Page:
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Counting down to a new beginning for the Waldorf Astoria New York

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NEW YORK — Manhattan’s luxury hospitality landscape has evolved dramatically since the Waldorf Astoria New York opened its doors on Park Avenue in 1931. 

And it has changed more still since the landmark art deco property shut its doors in 2017 for a massive redevelopment.

But Dino Michael, global category head of Hilton luxury brands, said the revamped Waldorf Astoria New York will be well equipped to appeal to today’s modern traveler when it reopens at the end of this year. 

Most notable among the changes is that there will be fewer, but larger, hotel rooms. The Waldorf had more than 1,400 guestrooms originally, and the plans call for going down to 375 hotel rooms and 375 condo-residences, Michael said. 

“The rooms will double in size, starting at around 600 square feet, and I think that’s the most exciting part: We’ve got a product now that meets current high-net-worth and luxury traveler needs,” Michael said.

Guests and residents will also benefit from arrival areas that Michael describes as less “overwhelming,” thanks to two porte-cocheres that create what he describes as “a decompression moment.”

“Before, you’d stop right on Park Avenue, with someone honking behind you,” Michael said. “It was always a rush. So, we’ve really been thoughtful about [redesigning the] arrival.”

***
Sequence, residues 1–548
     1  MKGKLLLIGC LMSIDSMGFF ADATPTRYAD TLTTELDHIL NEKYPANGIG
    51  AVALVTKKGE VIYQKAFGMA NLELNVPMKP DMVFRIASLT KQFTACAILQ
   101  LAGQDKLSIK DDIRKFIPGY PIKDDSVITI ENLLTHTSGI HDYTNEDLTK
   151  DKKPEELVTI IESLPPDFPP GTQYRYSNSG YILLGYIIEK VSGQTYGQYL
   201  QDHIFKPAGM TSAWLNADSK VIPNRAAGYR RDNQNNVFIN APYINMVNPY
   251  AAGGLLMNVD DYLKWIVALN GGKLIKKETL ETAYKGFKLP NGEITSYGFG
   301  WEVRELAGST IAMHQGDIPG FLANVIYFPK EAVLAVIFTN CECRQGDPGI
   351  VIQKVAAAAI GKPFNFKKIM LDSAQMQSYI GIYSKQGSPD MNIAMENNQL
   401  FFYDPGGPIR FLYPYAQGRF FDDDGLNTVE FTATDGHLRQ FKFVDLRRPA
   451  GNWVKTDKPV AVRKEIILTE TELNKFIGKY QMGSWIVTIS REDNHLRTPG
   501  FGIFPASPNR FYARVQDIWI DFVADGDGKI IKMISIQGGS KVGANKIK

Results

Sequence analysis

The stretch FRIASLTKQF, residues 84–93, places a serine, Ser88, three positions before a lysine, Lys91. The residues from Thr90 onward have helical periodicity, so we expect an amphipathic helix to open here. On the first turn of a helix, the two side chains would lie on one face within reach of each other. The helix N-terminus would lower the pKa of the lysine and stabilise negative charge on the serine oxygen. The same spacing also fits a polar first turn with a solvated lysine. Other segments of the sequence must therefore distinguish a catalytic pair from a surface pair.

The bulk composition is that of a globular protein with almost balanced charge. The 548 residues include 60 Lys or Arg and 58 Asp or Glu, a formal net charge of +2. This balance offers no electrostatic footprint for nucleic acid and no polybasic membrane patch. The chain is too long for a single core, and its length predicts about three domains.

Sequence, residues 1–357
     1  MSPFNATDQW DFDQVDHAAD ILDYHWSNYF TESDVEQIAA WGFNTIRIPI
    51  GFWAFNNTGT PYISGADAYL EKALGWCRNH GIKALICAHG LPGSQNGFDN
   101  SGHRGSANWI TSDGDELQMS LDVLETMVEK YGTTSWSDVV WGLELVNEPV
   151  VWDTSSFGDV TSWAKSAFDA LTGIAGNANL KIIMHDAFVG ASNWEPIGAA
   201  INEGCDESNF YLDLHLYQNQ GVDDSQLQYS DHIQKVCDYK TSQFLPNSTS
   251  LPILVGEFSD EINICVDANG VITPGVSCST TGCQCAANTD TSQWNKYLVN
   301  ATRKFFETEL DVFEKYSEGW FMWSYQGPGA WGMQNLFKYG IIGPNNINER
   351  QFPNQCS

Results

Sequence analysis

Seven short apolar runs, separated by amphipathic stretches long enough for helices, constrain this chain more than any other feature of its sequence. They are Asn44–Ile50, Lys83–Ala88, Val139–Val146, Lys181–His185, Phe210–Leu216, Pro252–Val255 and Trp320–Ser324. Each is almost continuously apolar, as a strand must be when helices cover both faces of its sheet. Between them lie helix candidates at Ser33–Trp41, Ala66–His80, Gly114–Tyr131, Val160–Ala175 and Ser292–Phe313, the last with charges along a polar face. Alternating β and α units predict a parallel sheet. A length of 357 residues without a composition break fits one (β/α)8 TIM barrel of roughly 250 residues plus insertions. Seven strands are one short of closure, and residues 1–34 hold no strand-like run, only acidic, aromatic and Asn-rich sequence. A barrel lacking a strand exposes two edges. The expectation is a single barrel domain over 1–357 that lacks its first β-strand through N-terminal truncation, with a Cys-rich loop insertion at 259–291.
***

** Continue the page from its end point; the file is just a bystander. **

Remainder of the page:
Other public spaces are similarly receiving a refresh. The hotel’s famed Peacock Alley restaurant will be “reinvented,” he said, while its Grand Ballroom will be fully restored but also outfitted with modern tech. 

“Beneath this beautiful art deco veneer, you’ll have the technology you need to do the events of today,” Michael said. “The event space is important, and I think that the Waldorf Astoria will once again be a focal point for the New York event calendar.”

And while some New York hotels have leaned into a form of high-end hospitality that puts the emphasis on exclusivity, Michael is hoping the Waldorf Astoria New York will put a more inclusive spin on the concept of luxury.

“I use the word ‘exclusive’ in terms of being special, but I don’t want exclusivity to mean exclusion,” Michael said. “Between the restaurants, the bars, the event spaces, there’s so many reasons to come here, and we want to be open to all. This is a hotel that belongs to New York.”

A rendering of the Waldorf Astoria New York’s restored lobby. Photo Credit: Noë & Associates/Courtesy The Boundary

The Waldorf Astoria New York’s highly anticipated reopening is a long time coming. The property, which was acquired by China’s Anbang Insurance Group from Hilton for $1.95 billion in 2015, was originally expected to take around two to three years to be redeveloped following its 2017 closure.

Work was delayed by both the pandemic and a high-profile corruption scandal in 2018, when Anbang was seized by the Chinese government. The property and other Anbang assets are now controlled by the Dajia Insurance Group.

The impending return of the Waldorf Astoria brand’s crown jewel comes as the flag enjoys a period of expansion.

The 252-room Waldorf Astoria Cairo Heliopolis in Egypt debuted last August, while the 50-villa Waldorf Astoria Seychelles Platte Island opened in late January. 

Additional openings, including the Waldorf Astoria Kuala Lumpur, Waldorf Astoria Osaka, Waldorf Astoria Costa Rica Cacique and Waldorf Astoria London Admiralty Arch, are slated for 2025. 

According to Michael, this robust pipeline is reflective of Hilton’s bullish outlook for its luxury portfolio, which also includes the Conrad and LXR brands

“Luxury has been really resilient,” Michael said. “We’re seeing a trend around people being willing to sacrifice certain things, but not travel. They may sacrifice material purchases so they can travel more. They want to continue getting experiences, and in luxury, we’re fortunate in that we provide experiences.”

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